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Regulation of phyllotaxis by polar auxin transport


The regular arrangement of leaves around a plant's stem, called phyllotaxis, has for centuries attracted the attention of philosophers, mathematicians and natural scientists; however, to date, studies of phyllotaxis have been largely theoretical. Leaves and flowers are formed from the shoot apical meristem, triggered by the plant hormone auxin. Auxin is transported through plant tissues by specific cellular influx and efflux carrier proteins. Here we show that proteins involved in auxin transport regulate phyllotaxis. Our data indicate that auxin is transported upwards into the meristem through the epidermis and the outermost meristem cell layer. Existing leaf primordia act as sinks, redistributing auxin and creating its heterogeneous distribution in the meristem. Auxin accumulation occurs only at certain minimal distances from existing primordia, defining the position of future primordia. This model for phyllotaxis accounts for its reiterative nature, as well as its regularity and stability.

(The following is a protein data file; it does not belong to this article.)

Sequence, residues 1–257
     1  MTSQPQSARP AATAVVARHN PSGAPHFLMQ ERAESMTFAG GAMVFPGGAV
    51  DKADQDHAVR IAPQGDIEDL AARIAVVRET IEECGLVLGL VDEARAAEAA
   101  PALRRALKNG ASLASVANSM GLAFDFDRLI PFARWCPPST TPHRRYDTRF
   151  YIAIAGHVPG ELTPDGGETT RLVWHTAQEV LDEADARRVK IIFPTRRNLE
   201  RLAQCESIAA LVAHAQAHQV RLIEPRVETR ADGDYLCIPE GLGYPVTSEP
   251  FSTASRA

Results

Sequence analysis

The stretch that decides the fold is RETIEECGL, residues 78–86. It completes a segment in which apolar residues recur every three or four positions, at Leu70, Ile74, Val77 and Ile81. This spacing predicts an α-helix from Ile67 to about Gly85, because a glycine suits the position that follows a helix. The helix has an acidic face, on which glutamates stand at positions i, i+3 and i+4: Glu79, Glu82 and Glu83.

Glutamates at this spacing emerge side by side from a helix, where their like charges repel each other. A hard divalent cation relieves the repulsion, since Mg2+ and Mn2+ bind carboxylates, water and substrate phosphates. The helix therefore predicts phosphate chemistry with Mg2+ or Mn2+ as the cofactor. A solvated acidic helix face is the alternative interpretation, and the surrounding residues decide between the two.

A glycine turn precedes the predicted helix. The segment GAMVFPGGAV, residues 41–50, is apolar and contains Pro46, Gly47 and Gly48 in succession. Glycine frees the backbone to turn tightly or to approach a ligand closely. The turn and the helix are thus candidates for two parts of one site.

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We thank J. Moore, J. Stuurman and S. Zeeman for critical reading of the manuscript, and T. Vernoux for generating pin1;pid double mutants and H. Morin for supporting experiments. This work was supported by grants from the Swiss National Science Foundation and from the European Union.

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Correspondence to Cris Kuhlemeier.

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Figure 1: Localization of the PIN1 protein in Arabidopsis apices.
Figure 2: Auxin-induced leaf and flower formation and PIN1 expression in mutants of Arabidopsis.
Figure 3: The role of PIN1 in organ separation and delimitation.
Figure 4: Localization and function of AUX1 in the meristem.
Figure 5: Model for the role of polar auxin transport in phyllotaxis.


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